Every year at Halloween, I post an article that shows a SAS trick that is a real treat. This article shows how to use the INTNX function to find dates that are related to a specified date. The INTNX function is a sweet treat, indeed.

I previously wrote an article about how to use the INTCK and INTNX functions to compute with dates. These Base SAS functions are very powerful and deserve to be known more widely. In particular, the INTNX function enables you to compute the next or previous date that is a certain number of time units away from a known date. The "time unit" is usually a day, week, a month, or a year, but the function supports many options.

Recently, a SAS programmer asked how to get "the first and last days of the previous month." The programmer added that the expression needs to be used in a WHERE clause. Because the expression needs to appear in a WHERE clause, it should be concise and not require several statements or temporary variables.

### The first day of a previous (or subsequent) time interval

Finding the first day of the previous month is an ideal situation for using the INTNX function. The basic syntax of the INTNX function is
INTNX(timeUnit, startDate, numberOfUnits)
This form of the INTNX function returns the first day of the specified time unit. For example, the following statements give dates relative to the bombing of Pearl Harbor on 07DEC1941. The time interval is 'month'. Notice that you can ask for dates after the given date (a positive number of time units) or before the given date (a negative number of units). If you specify 0 for the third argument, you get the current month.

```data Months; date = '07DEC1941'd; FirstDayCurrMonth = intnx('month', Date, 0); /* 0 = current month */ FirstDayPrevMonth = intnx('month', Date, -1); /* -1 = previous month */ FirstDayNextMonth = intnx('month', Date, 1); /* 1 = next month */ FirstDay6Months = intnx('month', Date, 6); /* 6 = six months later */ format _ALL_ date9.; run;   proc print data=Months noobs; run;```

Because the time unit is 'month' for this example, the calculated dates are the first day of the months relative to 07DEC1941. If you change 'month' to 'year', all the calculated dates will be 01JAN of some year relative to 1941.

### The last (or same) day of a previous (or subsequent) time interval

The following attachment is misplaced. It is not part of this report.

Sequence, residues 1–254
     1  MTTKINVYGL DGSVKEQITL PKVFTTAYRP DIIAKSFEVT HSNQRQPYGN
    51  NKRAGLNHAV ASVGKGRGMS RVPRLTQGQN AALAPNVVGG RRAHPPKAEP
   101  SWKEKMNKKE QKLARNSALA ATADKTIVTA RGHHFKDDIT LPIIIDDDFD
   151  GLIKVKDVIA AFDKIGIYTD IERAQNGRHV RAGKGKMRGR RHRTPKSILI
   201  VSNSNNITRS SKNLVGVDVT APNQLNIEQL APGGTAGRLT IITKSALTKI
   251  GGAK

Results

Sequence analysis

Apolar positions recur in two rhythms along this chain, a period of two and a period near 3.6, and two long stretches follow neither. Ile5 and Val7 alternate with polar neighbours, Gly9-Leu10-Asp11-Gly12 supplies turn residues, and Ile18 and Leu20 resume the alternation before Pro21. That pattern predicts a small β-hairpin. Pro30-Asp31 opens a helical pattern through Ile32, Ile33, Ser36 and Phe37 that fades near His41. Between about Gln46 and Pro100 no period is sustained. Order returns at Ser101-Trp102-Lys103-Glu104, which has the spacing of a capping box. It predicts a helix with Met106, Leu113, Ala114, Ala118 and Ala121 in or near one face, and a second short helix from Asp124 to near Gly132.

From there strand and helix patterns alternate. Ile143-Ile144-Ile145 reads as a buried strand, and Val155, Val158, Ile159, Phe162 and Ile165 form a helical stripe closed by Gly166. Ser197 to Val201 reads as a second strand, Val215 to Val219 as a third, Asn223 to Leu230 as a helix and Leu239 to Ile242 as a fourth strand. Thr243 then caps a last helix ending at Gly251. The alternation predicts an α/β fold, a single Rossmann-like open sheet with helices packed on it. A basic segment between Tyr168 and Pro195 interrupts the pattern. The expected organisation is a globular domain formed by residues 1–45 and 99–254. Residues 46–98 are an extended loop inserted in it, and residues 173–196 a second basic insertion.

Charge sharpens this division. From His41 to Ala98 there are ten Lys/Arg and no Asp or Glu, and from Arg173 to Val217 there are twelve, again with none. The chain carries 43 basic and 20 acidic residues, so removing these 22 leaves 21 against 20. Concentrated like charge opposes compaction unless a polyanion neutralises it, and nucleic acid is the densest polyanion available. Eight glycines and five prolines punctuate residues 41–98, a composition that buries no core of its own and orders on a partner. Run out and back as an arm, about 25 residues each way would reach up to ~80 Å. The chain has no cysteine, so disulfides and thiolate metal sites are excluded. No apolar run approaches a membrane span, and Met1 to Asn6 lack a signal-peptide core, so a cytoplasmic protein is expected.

A cool fact about the INTNX function is that it supports an optional fourth argument that enables you to specify whether you want the calculated date to be at the beginning, the middle, or the end of the specified time interval. You can even specify that you want the "same" characteristics as the source date, which is useful for finding anniversaries of an event. For example, the following statements vary the fourth argument, which can be one of four values:

```data FirstLastMiddle; date = '07DEC1941'd; FirstDayPrevMonth = intnx('month', Date, -1, 'B'); /* B = beginning */ LastDayPrevMonth = intnx('month', Date, -1, 'E'); /* E = end */ MiddlePrevMonth = intnx('month', Date, -1, 'M'); /* M = middle */ FirstAnniv = intnx('year', Date, 1, 'S'); /* S = same */ format _ALL_ date9.; run;   proc print data=FirstLastMiddle noobs; run;```

The program shows that you can find the first day of the previous month, the last day of the previous month, the middle of the previous month, or an anniversary of the specified date. In particular, the program answers the programmer's question by showing a concise "one-liner" that you can use to get the first and last days of the previous month.

In summary, the INTNX function is a powerful tool for working with dates. It enables you to find dates that are related to a specified date. You can use the first argument to specify the time unit (day, week, month, year,...) and the third argument to specify the number of time units before or after the specified data. The optional fourth argument determines whether you want the first, last, middle, or "same" portion of the time interval.

Whether you work with dates in SAS every day or whether you work with them occasionally, the INTNX function is a sweet treat to remember. No tricks required.

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